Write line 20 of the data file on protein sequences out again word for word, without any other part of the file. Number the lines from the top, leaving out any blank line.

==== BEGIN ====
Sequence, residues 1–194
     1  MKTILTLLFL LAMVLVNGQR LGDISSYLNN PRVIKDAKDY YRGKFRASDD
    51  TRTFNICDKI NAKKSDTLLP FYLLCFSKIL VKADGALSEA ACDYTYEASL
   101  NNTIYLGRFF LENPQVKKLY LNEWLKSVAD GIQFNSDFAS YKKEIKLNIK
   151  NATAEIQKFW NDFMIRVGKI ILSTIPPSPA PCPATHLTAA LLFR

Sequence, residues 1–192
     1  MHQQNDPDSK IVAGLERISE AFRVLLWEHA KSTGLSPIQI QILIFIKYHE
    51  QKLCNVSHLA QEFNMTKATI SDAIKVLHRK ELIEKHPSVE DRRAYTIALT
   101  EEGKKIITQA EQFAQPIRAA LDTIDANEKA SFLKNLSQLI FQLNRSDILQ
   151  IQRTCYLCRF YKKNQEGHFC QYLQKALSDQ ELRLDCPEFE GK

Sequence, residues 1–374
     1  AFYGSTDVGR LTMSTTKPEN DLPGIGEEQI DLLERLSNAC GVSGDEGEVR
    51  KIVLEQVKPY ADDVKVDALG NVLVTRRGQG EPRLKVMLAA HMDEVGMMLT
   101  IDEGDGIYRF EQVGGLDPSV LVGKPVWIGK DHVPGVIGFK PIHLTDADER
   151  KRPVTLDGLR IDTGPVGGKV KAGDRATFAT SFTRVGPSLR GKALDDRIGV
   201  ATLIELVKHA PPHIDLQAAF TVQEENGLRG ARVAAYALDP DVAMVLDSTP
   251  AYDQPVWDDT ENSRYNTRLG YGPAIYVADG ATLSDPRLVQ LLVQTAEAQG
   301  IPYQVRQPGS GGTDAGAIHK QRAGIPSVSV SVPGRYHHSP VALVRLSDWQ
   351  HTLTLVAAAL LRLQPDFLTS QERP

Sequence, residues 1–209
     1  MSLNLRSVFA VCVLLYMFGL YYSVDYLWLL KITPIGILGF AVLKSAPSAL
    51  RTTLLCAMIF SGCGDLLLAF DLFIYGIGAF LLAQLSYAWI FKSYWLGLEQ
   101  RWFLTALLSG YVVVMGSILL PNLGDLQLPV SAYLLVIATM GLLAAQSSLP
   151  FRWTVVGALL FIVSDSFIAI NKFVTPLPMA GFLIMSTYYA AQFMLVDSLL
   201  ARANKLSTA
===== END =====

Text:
Sequence, residues 1–209